It’s been whittled down to ten.
The top democratic presidential candidates vying to be the last one standing, and challenge Donald Trump for the top job in the 2020 US election.
And today they’ll all go head-to-head on one stage for the first time in the third round of debates in Houston. It will bring some of them closer to their shared goal. And push others further away. But who is likely to emerge victorious? And who might come undone?
The setting could make it harder to avoid skirmishes among early frontrunners Joe Biden, Elizabeth Warren and Bernie Sanders. The other seven candidates, meanwhile, are under growing pressure to prove they’re still in the race to take on Mr Trump next year. The debate comes at a pivotal point as many American voters move past their summer holidays and start to pay closer attention to the campaign. With the audience getting bigger, the ranks of candidates shrinking and first votes approaching in five months, the stakes are rising.
“For a complete junkie or someone in the business, you already have an impression of everyone,” said Howard Dean, who ran for president in 2004 and later chaired the Democratic National Committee.
“But now you are going to see increasing scrutiny with other people coming in to take a closer look.”
The ABC News debate is the first confined to one night after several candidates dropped out and others failed to meet new qualification standards. If nothing else, viewers will see the diversity of the modern Democratic Party. The debate, held on the campus of historically black Texas Southern University, features several women, people of colour and a gay man, a striking contrast from the increasingly white and male Republican Party. It will unfold in a rapidly changing state that Democrats hope to eventually bring into their column. Perhaps the biggest question is how directly the candidates will attack one another. Some fights that were predicted in previous debates failed to materialise with candidates like Mr Sanders and Ms Warren in July joining forces to take on their rivals.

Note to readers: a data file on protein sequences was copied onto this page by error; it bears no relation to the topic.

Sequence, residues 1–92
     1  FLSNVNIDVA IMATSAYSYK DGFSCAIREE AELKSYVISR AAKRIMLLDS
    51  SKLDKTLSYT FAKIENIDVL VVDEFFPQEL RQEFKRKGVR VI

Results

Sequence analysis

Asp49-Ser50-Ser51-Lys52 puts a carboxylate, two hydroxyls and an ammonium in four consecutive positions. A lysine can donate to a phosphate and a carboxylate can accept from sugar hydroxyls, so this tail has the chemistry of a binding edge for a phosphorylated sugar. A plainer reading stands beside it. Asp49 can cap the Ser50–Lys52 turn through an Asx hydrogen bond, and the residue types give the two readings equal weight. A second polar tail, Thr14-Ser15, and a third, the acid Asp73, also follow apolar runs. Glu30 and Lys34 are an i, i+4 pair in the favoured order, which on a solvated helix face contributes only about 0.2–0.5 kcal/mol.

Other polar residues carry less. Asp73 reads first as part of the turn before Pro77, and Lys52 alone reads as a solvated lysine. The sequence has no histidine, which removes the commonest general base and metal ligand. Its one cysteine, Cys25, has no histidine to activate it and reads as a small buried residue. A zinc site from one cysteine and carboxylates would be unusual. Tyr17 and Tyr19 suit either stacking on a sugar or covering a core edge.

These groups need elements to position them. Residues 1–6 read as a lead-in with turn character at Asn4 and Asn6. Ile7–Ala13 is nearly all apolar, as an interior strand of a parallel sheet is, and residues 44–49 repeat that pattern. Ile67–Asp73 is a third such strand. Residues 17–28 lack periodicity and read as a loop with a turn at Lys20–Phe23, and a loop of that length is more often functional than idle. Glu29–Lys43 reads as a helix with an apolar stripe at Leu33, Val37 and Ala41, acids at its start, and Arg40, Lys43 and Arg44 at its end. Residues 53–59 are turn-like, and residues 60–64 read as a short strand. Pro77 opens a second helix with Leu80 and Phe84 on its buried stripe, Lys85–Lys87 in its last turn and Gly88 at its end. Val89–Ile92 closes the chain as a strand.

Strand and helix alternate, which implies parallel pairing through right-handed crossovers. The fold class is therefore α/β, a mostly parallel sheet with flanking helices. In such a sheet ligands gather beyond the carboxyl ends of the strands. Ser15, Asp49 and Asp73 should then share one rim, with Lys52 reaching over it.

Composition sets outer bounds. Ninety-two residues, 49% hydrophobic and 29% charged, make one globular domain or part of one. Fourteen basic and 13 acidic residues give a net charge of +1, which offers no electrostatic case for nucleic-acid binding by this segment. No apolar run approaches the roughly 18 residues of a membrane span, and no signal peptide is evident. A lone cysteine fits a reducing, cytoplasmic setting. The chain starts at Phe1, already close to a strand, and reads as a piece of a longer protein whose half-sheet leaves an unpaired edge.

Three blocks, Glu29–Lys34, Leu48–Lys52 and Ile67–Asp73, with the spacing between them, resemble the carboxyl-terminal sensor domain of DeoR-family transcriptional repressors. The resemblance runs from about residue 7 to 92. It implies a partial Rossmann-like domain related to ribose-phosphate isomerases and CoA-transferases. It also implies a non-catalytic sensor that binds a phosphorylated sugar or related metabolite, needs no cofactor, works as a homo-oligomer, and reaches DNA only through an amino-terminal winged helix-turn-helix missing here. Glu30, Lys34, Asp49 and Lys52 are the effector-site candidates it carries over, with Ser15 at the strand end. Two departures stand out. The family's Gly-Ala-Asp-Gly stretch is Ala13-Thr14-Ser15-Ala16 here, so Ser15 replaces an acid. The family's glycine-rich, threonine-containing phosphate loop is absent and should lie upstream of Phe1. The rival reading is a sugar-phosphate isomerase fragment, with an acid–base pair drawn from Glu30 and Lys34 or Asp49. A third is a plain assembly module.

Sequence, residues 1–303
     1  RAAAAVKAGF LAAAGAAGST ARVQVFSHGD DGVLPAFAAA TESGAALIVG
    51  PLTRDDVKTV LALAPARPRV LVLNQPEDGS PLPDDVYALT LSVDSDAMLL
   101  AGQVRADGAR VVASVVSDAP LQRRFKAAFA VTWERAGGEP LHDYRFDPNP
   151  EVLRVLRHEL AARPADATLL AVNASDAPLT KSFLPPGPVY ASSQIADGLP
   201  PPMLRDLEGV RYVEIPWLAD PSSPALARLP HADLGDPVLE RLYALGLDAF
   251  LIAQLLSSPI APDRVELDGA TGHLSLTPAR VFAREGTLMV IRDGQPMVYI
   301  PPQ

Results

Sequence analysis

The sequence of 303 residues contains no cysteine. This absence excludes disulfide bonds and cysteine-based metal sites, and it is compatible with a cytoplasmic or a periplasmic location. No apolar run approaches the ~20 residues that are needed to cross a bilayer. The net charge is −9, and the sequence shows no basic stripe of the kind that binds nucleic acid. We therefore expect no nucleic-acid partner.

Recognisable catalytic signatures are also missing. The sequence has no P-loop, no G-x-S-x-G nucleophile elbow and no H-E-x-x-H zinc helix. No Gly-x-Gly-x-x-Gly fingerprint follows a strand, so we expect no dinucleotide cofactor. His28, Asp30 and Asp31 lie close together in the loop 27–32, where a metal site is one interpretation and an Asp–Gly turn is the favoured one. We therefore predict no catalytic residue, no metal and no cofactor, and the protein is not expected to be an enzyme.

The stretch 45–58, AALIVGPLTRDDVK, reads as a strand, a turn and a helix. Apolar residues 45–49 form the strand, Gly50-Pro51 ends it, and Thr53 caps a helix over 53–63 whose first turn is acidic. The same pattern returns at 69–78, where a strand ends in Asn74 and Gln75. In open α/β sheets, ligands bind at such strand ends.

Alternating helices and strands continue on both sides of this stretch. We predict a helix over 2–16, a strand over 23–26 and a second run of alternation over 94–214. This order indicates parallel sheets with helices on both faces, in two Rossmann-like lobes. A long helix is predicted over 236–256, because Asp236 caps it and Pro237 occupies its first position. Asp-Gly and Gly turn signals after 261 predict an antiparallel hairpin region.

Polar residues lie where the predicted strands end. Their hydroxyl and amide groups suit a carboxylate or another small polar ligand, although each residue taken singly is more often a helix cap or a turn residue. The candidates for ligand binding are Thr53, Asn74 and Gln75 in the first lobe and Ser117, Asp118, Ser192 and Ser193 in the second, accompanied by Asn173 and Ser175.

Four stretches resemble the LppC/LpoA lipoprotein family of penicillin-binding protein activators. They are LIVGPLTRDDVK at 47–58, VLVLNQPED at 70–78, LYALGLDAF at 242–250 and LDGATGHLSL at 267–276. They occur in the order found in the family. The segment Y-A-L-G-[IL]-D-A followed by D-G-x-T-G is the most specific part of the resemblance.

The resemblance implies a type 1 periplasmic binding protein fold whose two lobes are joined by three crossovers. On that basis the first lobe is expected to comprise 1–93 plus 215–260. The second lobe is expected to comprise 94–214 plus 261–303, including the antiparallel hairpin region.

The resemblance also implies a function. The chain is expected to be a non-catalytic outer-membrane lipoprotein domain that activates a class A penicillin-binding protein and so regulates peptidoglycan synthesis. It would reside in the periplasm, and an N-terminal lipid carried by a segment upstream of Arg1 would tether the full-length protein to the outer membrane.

The White House hopefuls and their campaigns are sending mixed messages about how eager they are to make frontal attacks on anyone other than Mr Trump. That could mean the first meeting between Ms Warren, the rising progressive calling for “big, structural change,” and Mr Biden, the more cautious but still ambitious establishmentarian, doesn’t define the night. Or that Kamala Harris, the California senator, and Pete Buttigieg, the mayor of South Bend, Indiana, look to reclaim lost momentum not by punching upward but by re-emphasising their own visions for the US.
Underscoring his establishment roots, Mr Biden released a new advertisement hours before the debate aimed at deflecting further criticism of former President Barack Obama’s administration. At the recent Detroit debate, Mr Biden said he was “a little surprised” at the flak he took from fellow Democrats about Mr Obama’s legacy. “He was a president our children could and did look up to,” Mr Biden says in the commercial.
“I was proud to serve as his vice president, but never more proud than the day we passed health care.”
Mr Biden, who has led most national and early state polls since he joined the field in April, is downplaying the prospects of a titanic clash with Ms Warren, despite their well-established policy differences on health care, taxes and financial regulation.
For her part, Ms Warren has consistently said that she has no interest in going after Democratic opponents.